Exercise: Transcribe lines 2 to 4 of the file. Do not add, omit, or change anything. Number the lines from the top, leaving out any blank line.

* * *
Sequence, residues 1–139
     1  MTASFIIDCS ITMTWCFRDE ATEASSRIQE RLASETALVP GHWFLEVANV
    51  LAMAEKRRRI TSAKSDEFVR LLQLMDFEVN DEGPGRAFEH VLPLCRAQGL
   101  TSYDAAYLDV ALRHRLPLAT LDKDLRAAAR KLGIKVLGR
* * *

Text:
     1  MTASFIIDCS ITMTWCFRDE ATEASSRIQE RLASETALVP GHWFLEVANV
    51  LAMAEKRRRI TSAKSDEFVR LLQLMDFEVN DEGPGRAFEH VLPLCRAQGL
   101  TSYDAAYLDV ALRHRLPLAT LDKDLRAAAR KLGIKVLGR